Academic journal article Journal of Money, Credit & Banking

The Great Depression and Output Persistence

Academic journal article Journal of Money, Credit & Banking

The Great Depression and Output Persistence

Article excerpt

THE PERSISTENCE OF SHOCKS to aggregate output has been the subject of extensive and continuing investigation since Nelson and Plosser (1982) presented empirical evidence suggesting that such shocks are largely permanent and account for most of the variation in real output. Methodological innovations such as those of Rudebusch (1992, 1993), and the advent of longer time series due to the work of Balke and Gordon (1989) and Romer (1989), have stimulated renewed interest in measuring the persistence of real shocks. This recent literature, including contributions by Diebold and Senhadji (1996), Cheung and Chinn (1997), Murray and Nelson (2000), Newbold, Leybourne, and Wohar (2001), and Kilian and Ohanian (2002), has produced mixed conclusions, largely due to an implicit disagreement about how to treat the period around the Great Depression. However, none of these papers produce estimates of persistence that reflect that lack of homogeneity in the historical record.

In this paper, we present a formal statistical model that captures the idea that the events surrounding the Great Depression had large, but transitory, effects on output. We construct estimates of output persistence from a parametric bootstrap of a state space model with Markov switching for the annual time series assembled by Maddison (1995) for the period 1870-1994. Contrary to some previous research on long-term annual data, our results suggest a predominant role for permanent shocks.

This paper is organized as follows. Section 1 recaps estimates of persistence under the assumption of homoskedasticity and discusses evidence against that assumption. Section 2 introduces a Markov-switching model to model heteroskedasticity in the historical data, and discusses its estimation. In that model, the economy can switch into a volatile state, such as the Great Depression, and out of it. A parametric bootstrap of that model suggests that historical measures of persistence are consistent with an economy in which shocks persist, but which has experienced at least two regimes of volatility. Section 3 presents two sets of experiments to check on the robustness of our results. Section 4 summarizes and offers concluding remarks.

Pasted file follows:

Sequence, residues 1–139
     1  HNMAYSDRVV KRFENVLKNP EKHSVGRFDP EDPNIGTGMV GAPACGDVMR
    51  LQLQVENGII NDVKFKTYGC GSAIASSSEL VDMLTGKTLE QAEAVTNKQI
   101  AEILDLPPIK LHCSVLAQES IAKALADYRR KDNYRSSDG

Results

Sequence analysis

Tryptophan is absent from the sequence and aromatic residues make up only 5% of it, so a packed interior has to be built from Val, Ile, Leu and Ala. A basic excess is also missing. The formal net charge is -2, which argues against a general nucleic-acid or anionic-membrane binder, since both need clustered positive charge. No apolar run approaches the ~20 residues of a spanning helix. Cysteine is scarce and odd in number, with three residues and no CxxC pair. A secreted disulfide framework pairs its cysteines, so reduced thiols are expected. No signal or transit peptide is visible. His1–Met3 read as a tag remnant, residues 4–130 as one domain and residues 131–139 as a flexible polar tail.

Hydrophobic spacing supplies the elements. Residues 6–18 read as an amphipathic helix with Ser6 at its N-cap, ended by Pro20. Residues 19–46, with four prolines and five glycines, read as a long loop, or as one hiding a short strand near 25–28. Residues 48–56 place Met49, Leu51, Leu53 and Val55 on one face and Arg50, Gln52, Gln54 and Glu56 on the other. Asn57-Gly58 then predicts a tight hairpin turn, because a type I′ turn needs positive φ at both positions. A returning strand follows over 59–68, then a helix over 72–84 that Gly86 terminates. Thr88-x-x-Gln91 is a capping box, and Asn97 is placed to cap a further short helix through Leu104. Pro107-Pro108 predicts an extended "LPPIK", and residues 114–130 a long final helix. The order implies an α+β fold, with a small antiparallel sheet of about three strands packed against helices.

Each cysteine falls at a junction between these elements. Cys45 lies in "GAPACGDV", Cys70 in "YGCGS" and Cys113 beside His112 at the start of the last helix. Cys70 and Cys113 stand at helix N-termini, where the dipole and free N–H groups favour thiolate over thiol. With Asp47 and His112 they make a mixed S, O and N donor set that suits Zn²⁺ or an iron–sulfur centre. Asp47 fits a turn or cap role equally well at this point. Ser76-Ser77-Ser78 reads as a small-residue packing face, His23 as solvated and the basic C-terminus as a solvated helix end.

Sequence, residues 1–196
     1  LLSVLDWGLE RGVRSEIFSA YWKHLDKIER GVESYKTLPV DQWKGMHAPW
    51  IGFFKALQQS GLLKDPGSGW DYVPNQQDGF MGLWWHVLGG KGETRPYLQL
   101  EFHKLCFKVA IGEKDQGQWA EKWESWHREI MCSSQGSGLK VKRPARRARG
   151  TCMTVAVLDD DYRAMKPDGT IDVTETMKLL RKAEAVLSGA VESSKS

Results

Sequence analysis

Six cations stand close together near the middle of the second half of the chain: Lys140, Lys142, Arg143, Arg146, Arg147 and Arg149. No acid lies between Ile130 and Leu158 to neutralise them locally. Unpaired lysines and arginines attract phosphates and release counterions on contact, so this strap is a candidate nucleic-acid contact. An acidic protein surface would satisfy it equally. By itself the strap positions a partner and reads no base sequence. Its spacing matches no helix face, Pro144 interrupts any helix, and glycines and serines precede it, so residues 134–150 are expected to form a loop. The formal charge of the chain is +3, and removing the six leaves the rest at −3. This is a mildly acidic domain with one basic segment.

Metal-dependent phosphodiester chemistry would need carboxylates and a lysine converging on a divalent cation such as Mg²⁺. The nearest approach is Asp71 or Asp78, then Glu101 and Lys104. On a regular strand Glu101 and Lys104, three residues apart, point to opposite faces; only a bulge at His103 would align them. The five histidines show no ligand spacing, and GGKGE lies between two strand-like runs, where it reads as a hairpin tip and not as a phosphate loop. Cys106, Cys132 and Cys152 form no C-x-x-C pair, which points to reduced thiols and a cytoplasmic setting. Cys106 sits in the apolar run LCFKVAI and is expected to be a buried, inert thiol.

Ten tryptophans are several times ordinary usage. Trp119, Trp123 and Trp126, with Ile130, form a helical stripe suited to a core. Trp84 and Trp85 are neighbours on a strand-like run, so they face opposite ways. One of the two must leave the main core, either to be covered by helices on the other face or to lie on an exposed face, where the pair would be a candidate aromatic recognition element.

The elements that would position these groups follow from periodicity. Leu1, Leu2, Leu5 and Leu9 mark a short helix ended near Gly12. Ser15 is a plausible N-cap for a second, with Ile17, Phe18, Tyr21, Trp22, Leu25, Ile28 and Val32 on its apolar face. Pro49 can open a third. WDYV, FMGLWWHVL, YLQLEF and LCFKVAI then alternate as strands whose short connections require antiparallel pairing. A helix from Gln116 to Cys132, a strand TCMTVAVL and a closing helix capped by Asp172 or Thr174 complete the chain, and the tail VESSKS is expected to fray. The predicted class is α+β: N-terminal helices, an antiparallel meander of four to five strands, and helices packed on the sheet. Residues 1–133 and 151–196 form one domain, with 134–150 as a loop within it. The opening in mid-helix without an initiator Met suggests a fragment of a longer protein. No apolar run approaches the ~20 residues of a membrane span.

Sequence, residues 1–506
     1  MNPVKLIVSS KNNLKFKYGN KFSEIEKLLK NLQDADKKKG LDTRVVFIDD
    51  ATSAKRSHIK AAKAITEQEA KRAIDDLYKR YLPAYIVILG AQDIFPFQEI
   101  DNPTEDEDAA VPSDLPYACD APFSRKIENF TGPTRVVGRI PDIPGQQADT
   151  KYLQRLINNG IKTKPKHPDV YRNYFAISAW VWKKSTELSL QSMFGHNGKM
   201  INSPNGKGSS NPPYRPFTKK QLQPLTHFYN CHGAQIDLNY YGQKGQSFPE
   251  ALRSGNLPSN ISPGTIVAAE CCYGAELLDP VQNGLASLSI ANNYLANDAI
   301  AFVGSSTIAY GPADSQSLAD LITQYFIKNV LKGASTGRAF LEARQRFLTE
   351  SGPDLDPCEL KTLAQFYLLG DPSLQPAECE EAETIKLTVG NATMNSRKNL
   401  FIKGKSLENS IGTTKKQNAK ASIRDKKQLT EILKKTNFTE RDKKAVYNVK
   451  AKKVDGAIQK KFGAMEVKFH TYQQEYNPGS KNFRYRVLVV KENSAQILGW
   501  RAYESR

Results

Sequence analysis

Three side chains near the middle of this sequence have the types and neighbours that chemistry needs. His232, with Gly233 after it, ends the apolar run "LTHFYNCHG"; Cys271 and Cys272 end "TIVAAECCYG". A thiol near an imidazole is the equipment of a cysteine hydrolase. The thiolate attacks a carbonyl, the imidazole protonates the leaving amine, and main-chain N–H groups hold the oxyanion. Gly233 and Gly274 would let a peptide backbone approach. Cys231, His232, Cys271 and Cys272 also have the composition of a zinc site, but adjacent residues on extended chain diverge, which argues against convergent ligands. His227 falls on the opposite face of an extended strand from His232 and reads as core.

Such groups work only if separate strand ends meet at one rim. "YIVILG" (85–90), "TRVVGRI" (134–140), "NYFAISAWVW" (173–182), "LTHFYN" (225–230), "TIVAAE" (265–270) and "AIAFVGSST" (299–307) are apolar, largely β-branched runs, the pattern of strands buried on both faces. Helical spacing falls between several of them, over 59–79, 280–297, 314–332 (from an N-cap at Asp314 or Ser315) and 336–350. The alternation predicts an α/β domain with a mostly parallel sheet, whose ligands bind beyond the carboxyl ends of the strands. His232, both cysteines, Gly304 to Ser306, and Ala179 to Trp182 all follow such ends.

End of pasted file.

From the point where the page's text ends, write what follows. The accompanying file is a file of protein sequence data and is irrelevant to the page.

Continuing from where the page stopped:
We begin by reviewing very briefly the evidence for the persistence of real shocks under the assumption of homoskedasticity. Maddison (1995) has assembled historical data for a large number of countries including an index of U.S. real GDP for 1870-1994. We take the log of that index as our measure of aggregate output and begin with the standard Augmented Dickey-Fuller (AD[F.sub.6]) regression:


In choosing the lag length k, we employ the "general-to-specific" (GS) approach advocated by Campbell and Perron (1991), Hall (1994), and Ng and Perron (1995) with a maximum lag of 8, noting that this has become standard procedure in the literature. The criterion chooses k=6, and yields a unit root statistic of -3.75, which we call AD[F.sub.6]. Judging by the critical values due to Dickey and Fuller (1979), the hypothesis that the largest AR root is unity is rejected at the 5 percent level. This would imply that shocks to output do not persist indefinitely but rather completely die out over time.

The critical values for the ADF test are based on the maintained hypothesis of homoskedasticity, and a standard diagnostic test is that of White (1980). In this case, White's asymptotic test rejects the null of homoskedastic residuals at the 1 percent level. A plot of the residuals reveals that their variance was much higher around the period of the Great Depression, and generally was lower after World War II. Given the reliance of the ADF test on homoskedasticity, we would like to develop an alternative test within which we can allow for heteroskedasticity. …

Search by... Author
Show... All Results Primary Sources Peer-reviewed


An unknown error has occurred. Please click the button below to reload the page. If the problem persists, please try again in a little while.